A new study suggests that lead may be harmful even at very low blood concentrations. The study, funded by the National Institute of Environmental Health Sciences of the National Institutes of Health, will appear in the April 17 edition of The New England Journal of Medicine.
The five-year study found that children who have blood lead concentration lower than 10 micrograms per deciliter suffer intellectual impairment from the exposure. The researchers also discovered that the amount of impairment attributed to lead was most pronounced at lower levels. The study was carried out by researchers from Cornell University, Cincinnati Childrens Hospital Medical Center, and the University of Rochester School of Medicine.
An important feature of this new study is its focus on children with blood lead levels below 10 micrograms per deciliter, a threshold currently used by the Centers for Disease Control and Prevention to define an elevated lead level. Previous research has been concerned primarily with leads effects in the 10 to 30 micrograms per deciliter range, yet the new study finds lead-related impairments at lower levels.
Tom Hawkins | EurekAlert!
TU Dresden biologists examine sperm quality on the basis of their metabolism
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University of Texas and MIT researchers create virtual UAVs that can predict vehicle health, enable autonomous decision-making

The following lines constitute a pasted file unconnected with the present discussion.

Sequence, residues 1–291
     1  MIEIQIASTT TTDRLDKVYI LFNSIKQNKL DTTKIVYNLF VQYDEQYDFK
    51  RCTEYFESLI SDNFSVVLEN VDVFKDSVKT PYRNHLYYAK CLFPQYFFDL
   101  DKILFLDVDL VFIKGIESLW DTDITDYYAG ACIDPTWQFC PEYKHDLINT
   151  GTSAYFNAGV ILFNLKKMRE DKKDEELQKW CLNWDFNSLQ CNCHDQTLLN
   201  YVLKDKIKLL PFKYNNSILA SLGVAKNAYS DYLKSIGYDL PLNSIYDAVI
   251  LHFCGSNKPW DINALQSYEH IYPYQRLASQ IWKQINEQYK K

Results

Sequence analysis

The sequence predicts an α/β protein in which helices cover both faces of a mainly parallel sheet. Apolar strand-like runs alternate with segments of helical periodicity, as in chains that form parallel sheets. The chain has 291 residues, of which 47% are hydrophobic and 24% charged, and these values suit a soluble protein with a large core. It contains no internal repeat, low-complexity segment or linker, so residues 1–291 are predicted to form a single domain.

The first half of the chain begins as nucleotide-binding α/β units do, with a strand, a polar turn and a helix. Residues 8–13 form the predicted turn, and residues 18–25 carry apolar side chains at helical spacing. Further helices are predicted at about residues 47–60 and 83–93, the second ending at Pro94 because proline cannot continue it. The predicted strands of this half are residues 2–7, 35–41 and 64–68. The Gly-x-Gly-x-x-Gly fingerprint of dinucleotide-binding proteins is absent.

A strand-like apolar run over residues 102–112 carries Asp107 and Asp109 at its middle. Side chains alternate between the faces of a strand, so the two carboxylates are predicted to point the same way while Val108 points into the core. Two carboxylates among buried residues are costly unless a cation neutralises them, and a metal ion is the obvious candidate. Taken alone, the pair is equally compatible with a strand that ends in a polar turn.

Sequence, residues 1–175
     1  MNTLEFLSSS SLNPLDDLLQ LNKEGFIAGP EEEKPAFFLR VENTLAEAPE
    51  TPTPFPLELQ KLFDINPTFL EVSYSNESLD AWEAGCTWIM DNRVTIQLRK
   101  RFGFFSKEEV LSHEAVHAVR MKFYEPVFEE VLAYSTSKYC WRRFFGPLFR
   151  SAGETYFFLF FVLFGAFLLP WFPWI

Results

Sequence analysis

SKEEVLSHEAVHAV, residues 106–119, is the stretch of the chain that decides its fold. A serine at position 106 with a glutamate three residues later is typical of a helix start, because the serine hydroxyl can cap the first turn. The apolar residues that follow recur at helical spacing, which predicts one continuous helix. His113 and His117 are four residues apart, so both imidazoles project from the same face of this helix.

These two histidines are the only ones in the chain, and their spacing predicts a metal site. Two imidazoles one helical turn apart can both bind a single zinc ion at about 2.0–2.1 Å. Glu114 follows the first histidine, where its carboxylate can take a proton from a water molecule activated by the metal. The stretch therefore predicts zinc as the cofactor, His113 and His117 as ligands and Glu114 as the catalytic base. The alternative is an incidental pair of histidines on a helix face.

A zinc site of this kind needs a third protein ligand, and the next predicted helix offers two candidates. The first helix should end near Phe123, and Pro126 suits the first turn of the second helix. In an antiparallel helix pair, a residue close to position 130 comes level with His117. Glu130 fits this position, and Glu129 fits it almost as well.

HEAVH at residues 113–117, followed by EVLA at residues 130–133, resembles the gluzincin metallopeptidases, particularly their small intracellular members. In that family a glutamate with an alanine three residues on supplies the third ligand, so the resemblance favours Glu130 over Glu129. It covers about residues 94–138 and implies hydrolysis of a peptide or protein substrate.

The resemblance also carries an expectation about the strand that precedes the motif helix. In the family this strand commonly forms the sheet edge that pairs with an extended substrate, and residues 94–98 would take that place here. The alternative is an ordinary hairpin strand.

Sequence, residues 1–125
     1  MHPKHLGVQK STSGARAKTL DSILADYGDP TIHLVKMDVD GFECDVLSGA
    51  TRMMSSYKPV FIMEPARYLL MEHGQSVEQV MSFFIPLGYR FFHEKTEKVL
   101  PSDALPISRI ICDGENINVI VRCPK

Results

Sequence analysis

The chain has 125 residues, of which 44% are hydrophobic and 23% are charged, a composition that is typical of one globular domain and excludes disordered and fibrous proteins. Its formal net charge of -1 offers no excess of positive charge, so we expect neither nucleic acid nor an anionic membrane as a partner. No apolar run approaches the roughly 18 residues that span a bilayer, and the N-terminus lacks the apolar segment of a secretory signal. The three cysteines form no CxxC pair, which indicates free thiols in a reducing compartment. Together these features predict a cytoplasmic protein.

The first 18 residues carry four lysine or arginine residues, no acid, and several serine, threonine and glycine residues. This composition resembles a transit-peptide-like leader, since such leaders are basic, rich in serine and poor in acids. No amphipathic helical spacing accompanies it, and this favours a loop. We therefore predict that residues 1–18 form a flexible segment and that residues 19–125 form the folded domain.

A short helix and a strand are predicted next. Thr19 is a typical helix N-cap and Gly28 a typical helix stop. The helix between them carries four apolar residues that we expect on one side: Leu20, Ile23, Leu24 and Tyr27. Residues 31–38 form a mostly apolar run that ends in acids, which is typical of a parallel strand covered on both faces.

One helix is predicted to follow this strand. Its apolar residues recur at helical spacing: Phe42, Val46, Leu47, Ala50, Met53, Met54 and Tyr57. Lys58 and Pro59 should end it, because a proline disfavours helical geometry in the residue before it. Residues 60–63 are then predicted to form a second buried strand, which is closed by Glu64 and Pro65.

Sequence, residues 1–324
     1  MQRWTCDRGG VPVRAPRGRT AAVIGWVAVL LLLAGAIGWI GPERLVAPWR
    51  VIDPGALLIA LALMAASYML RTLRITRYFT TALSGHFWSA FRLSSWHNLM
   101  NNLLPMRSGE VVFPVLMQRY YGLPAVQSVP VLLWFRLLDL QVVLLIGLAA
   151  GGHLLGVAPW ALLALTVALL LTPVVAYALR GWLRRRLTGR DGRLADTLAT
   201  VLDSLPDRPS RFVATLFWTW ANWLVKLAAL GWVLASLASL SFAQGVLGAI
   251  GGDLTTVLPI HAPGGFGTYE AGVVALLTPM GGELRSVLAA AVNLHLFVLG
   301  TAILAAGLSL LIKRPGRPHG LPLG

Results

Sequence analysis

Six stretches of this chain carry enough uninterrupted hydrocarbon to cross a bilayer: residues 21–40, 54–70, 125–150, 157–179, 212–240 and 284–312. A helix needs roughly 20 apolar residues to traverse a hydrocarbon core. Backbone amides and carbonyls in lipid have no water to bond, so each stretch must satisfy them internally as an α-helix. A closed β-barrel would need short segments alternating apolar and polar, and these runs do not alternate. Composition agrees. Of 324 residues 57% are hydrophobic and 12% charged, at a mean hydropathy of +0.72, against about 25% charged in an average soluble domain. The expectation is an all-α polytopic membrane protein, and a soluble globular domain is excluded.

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With ultracold chemistry, researchers get a first look at exactly what happens during a chemical reaction
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Abnormal scarring is a serious threat resulting in non-healing chronic wounds or fibrosis. Scars form when fibroblasts, a type of cell of connective tissue, reach wounded skin and deposit plugs of extracellular matrix. Until today, the question about the exact anatomical origin of these fibroblasts has not been answered. In order to find potential ways of influencing the scarring process, the team of Dr. Yuval Rinkevich, Group Leader for Regenerative Biology at the Institute of Lung Biology and Disease at Helmholtz Zentrum München, aimed to finally find an answer. As it was already known that all scars derive from a fibroblast lineage expressing the Engrailed-1 gene - a lineage not only present in skin, but also in fascia - the researchers intentionally tried to understand whether or not fascia might be the origin of fibroblasts.
Fibroblasts kit - ready to heal wounds
Research from a leading international expert on the health of the Great Lakes suggests that the growing intensity and scale of pollution from plastics poses serious risks to human health and will continue to have profound consequences on the ecosystem.
In an article published this month in the Journal of Waste Resources and Recycling, Gail Krantzberg, a professor in the Booth School of Engineering Practice...
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